A train to a major London station was delayed after the driver got locked in the toilet.Southeastern apologised after the 10.49am service from Bromley South to Victoria ran five minutes late on Wednesday.Using a gif from The Simpsons, the rail operator explained that the driver had become locked in the on-board toilet.Southeastern tweeted: “Service update: the 10:49 Bromley South – Victoria was late departing Bromley South due to the driver becoming locked in the on board toilet.”This train 5 minutes late. Sorry for the delay caused.” SERVICE UPDATE: the 10:49 Bromley South – Victoria was late departing Bromley south due to the driver becoming locked in the on board toilet. This train 5 minutes late. Sorry for the delay caused. pic.twitter.com/yYCQDZlWQD— Southeastern (@Se_Railway) September 19, 2018 The rail company was praised by customers for its honesty, saying other operators may have been tempted to put the delay down to an “operational incident”. Natasha Tickham described the mix-up as “hilarious”, tweeting Southeastern asking if the message was genuine. The firm’s official Twitter account responded: “Unfortunately it did happen, they were only there for a short while (train terminated there to make a service back as per timetable). All good though.” Want the best of The Telegraph direct to your email and WhatsApp? Sign up to our free twice-daily Front Page newsletter and new audio briefings.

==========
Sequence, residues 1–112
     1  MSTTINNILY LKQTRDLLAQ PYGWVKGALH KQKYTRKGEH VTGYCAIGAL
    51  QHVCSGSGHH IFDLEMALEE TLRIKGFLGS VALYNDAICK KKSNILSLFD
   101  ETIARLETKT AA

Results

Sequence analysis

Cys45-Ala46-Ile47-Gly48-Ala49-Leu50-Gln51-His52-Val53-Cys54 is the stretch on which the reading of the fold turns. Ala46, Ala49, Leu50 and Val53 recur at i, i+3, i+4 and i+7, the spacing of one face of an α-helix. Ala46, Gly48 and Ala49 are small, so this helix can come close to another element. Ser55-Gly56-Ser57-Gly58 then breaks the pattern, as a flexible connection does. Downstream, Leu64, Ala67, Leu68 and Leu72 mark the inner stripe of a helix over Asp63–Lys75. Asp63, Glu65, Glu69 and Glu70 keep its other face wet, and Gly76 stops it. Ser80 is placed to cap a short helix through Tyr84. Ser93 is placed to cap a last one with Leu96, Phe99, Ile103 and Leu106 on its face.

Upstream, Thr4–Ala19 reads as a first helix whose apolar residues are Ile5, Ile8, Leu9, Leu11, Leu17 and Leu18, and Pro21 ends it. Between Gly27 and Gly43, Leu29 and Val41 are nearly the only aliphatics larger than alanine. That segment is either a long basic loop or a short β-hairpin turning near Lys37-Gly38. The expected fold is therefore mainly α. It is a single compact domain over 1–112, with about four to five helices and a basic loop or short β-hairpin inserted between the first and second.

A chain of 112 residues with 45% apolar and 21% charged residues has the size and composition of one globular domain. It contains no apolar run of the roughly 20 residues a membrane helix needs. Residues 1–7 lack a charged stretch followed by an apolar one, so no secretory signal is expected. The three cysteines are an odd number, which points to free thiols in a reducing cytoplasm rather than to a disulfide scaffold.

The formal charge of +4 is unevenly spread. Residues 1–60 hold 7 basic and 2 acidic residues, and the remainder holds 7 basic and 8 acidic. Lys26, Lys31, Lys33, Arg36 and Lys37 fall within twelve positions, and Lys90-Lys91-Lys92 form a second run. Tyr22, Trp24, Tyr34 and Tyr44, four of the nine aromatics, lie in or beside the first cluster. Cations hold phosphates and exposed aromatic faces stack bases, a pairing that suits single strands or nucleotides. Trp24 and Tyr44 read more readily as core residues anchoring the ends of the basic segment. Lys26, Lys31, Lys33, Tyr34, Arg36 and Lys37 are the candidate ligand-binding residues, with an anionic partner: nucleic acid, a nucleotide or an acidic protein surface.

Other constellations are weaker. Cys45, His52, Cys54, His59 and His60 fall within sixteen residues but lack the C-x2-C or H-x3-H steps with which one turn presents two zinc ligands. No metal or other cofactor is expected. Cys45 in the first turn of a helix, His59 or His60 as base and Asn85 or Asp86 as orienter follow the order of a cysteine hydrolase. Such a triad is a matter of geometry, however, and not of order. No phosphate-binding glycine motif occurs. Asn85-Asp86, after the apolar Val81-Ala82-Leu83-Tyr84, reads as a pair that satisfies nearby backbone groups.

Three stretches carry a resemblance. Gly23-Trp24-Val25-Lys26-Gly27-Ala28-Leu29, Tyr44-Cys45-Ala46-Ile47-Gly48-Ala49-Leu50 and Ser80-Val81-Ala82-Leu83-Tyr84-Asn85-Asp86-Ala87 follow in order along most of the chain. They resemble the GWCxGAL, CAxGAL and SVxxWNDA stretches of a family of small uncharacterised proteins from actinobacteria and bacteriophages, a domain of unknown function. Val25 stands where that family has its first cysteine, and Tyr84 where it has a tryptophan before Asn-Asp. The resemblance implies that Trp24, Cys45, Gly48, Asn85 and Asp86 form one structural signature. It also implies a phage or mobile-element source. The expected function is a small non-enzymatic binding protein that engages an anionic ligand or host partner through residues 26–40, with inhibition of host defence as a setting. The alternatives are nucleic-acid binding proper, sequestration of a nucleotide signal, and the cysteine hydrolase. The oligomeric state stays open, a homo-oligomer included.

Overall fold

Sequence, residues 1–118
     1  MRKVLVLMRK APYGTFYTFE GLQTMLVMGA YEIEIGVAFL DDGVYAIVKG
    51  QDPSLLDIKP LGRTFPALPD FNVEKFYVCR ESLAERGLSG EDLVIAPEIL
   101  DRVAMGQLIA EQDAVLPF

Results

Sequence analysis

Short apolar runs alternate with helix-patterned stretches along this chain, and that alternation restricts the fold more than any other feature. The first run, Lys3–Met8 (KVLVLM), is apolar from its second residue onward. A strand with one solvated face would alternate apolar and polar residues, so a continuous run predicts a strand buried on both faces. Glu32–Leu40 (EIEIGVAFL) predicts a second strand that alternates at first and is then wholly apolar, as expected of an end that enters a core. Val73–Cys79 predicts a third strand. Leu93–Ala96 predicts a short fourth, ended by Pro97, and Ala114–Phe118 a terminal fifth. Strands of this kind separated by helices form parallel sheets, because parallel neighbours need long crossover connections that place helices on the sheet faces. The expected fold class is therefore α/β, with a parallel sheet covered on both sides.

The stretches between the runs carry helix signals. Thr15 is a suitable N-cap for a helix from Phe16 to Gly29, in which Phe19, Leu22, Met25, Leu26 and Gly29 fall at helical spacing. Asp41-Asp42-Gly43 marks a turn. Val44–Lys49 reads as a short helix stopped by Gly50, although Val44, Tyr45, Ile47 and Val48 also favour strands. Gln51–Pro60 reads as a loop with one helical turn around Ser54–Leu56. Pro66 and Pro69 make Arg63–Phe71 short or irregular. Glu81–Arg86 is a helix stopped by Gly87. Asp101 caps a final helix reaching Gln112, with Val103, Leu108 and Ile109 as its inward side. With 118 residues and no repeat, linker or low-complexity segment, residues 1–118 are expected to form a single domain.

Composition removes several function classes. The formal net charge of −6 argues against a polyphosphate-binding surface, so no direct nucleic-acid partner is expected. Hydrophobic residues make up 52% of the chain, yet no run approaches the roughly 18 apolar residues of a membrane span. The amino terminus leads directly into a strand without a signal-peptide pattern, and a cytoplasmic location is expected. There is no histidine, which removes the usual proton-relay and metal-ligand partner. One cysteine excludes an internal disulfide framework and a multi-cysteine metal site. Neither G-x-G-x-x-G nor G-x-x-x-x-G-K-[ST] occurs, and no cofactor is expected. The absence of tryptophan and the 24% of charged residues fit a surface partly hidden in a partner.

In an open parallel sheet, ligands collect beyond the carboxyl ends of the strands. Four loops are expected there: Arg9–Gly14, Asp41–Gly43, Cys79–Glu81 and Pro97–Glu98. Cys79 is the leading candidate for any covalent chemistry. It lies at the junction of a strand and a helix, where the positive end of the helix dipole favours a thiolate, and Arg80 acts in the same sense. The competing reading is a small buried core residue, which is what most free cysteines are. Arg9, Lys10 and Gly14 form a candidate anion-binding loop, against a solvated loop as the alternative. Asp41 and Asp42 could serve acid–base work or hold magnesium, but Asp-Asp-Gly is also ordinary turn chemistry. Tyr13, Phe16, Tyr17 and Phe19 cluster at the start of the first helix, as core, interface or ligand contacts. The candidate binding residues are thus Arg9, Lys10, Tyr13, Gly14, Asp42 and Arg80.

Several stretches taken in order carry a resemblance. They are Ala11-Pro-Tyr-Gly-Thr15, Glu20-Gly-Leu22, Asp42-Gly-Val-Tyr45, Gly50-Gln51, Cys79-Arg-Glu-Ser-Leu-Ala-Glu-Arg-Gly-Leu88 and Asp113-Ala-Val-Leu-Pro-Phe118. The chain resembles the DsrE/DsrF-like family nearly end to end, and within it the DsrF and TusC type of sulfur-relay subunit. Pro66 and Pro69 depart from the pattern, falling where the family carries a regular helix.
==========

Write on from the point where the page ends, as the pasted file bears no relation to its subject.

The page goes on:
Professor Anne Mackie, Director of Screening Programmes at PHE said: “The decline in numbers getting screened for cervical cancer is a major concern as it means millions of women are missing out on a potentially life-saving test.“Two women die every day in England from cervical cancer, yet it is one of the most preventable cancers if caught early.“We want to see a future generation free of cervical cancer but we will only achieve our vision if women take up their screening invitations. This is a simple test which takes just five minutes and could save your life. It’s just not worth ignoring”.Steve Brine, Public Health Minister said: “It is a tragedy that women are needlessly dying of cancer when a simple test can identify any risks early on. We hope this new campaign – the first of its kind in this country – will save lives and I am delighted to see it launch today.”He said that from next month, any patient with suspected cancer should receive a diagnosis or all-clear within 28 days. As of next month, any patient with suspected cancer should receive a diagnosis or all-clear within 28 daysCredit:Public Health England The figure is a sharp fall from 75.7 per cent uptake in 2011, when awareness had risen, following the death of celebrity Jade Goody at the age of 27.The eight-week campaign will attempt to persuade women to go for tests – and ask their loved ones to spur them to do so.Charities say embarrassment and fear of being labelled “promiscuous” is deterring women from undergoing vital checks which could prevent 83 per cent of cervical cancer cases.A survey of 2,000 women aged 25 to 35 found that 80 per cent of those who have avoided or delayed testing said they felt “body conscious” with researchers suggesting many had misguided perceptions about what was “normal”.And other research found around four in ten thought that being diagnosed with the human papilloma virus (HPV) – which can cause cervical cancer – was a cause of shame. Loose Women star Christine Lampard is backing the campaign and said she will encourage her daughter, Patsy, to go for screening when she is older.She said: “I can’t say I’m thrilled when my cervical screening invite is posted through my door but I know how important it is that I get tested.”It’s an awkward five minutes that could save your life.”As a mother I will never ignore my screening invitation and when my daughter, Patsy, is old enough, I’ll encourage her to attend her screenings too.”As women we should talk positively about our bodies and the importance of cervical screening – it’s an important way to protect our health.”The NHS screening programmes are currently under review, following a number of blunders, including the failure to send almost 50,000 women letters about cervical cancer checks. A survey found that 80 per cent of those who have avoided or delayed testing said they felt ‘body conscious’Credit:Public Health England Charities say embarrassment and fear of being labelled ‘promiscuous’ is deterring women from undergoing vital checksCredit:Public Health England Want the best of The Telegraph direct to your email and WhatsApp? Sign up to our free twice-daily Front Page newsletter and new audio briefings. Health officials are to launch the first television campaign urging women to go for cervical smear tests amid warnings too many are “needlessly dying” after failing to get checked.Uptake of screening is now at a record low, with almost one in three women eligible for tests failing to do so, latest records show.The lowest uptake is among women in their late 20s, with almost four in ten failing to have smears, the figures show.Two women every day in England die from cervical cancer and more than 200,000 women every year are diagnosed with abnormal cell changes that could lead to the disease.The proportion of women aged 25 to 64 who go for smear tests is currently at a 20-year low, with take up at 71.4 per cent.